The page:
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  • Research note
  • Open Access

Basidiobolomycosis in Togo: clinico-pathological study of a series of 12 presumed cases

  • 1, 4Email author,
  • 2,
  • 3,
  • 1,
  • 2 and
  • 1
BMC Research Notes201811:667

https://doi.org/10.1186/s13104-018-3777-8

  • Received: 4 August 2018
  • Accepted: 10 September 2018
  • Published:

Abstract

Objective

The purpose of our study was to describe the histological diagnosed of the Basidiobolomycosis cases from 1990 to 2017 (28 years) in the only Pathology Anatomy Laboratory in Togo.

Results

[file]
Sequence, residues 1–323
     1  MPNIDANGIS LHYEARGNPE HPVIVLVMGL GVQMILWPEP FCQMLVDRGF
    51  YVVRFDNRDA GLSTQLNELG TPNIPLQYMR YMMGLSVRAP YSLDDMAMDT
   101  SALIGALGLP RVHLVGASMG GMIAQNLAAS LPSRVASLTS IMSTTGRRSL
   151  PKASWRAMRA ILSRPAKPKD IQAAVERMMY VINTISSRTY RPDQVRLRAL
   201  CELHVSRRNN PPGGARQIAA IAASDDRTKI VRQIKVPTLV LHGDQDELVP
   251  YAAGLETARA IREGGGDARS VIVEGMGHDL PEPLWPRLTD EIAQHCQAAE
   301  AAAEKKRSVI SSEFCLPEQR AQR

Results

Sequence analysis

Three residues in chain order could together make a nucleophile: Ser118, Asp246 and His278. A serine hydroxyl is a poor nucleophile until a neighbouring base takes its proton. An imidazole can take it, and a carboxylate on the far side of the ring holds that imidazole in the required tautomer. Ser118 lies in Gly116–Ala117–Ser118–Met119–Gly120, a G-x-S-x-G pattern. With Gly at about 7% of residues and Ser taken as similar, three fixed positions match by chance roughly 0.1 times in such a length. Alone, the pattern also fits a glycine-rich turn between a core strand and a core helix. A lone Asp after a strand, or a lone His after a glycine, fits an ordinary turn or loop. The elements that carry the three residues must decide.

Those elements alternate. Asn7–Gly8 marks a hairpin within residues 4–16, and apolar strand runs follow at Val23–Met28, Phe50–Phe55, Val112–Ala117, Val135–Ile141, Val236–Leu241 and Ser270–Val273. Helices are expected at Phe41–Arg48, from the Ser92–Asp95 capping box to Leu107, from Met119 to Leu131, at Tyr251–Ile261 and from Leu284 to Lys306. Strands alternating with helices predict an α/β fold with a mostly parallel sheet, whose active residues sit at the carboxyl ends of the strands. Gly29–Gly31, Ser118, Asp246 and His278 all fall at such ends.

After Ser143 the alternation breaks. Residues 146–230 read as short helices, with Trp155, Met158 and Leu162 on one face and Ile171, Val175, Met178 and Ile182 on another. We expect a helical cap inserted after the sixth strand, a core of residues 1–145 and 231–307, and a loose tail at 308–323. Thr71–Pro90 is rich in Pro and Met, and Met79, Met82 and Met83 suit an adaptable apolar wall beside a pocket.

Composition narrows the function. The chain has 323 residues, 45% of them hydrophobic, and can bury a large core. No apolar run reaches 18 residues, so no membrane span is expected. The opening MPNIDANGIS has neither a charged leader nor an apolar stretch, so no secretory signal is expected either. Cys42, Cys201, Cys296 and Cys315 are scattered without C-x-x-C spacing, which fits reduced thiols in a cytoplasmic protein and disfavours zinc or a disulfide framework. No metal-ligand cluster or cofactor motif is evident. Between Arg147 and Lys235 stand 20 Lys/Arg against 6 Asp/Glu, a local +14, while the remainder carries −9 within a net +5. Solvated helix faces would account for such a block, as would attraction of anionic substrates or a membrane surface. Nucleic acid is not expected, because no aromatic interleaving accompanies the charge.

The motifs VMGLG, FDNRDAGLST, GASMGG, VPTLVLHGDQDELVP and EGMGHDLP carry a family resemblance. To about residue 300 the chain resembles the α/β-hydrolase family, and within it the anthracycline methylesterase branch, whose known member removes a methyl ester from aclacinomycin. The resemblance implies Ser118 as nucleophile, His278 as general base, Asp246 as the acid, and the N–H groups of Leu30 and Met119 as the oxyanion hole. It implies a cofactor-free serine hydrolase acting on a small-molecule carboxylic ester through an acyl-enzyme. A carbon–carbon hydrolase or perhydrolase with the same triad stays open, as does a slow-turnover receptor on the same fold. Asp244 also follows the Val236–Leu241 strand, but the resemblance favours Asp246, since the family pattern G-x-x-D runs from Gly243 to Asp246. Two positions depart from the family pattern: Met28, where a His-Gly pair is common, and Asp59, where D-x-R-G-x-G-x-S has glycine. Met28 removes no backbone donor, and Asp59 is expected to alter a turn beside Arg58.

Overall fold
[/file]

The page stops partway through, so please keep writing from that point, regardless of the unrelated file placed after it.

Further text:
A total of 12 cases of suspected Basidiobolomycosis have been identified. The sex ratio (M/F) was 2. The average age of the patients was 24.8 ± 1.6 years. Six patients (6/12) had a pathological history: HIV infection (n = 4 cases) and tuberculosis (n = 2 cases). The clinical manifestations were localized to pure skin (n = 9 cases), skin and mucous digestive (n = 2 cases) and disseminated (n = 1 cases). Direct mycological examination and culture in 4 patients was positive in 3 patients. The samples examined consisted of 11 cutaneous biopsies measuring 1–3 cm and a biopsy of the intestinal mucosa. Histology showed granulomatous inflammation of the dermohypodermal site with numerous giant cells associated with eosinophilic polynuclear cells, in which there are 5–7 mm non-septate, irregular mycelial filaments. Patients were treated with ketoconazole at a dose of 10 mg/kg daily. The progression of the patients’ condition was favorable after 4 weeks of treatment with a regression of the closets size. Patients were completely healed after 8 weeks of treatment, without recurrence after 6 months. No deaths have been recorded.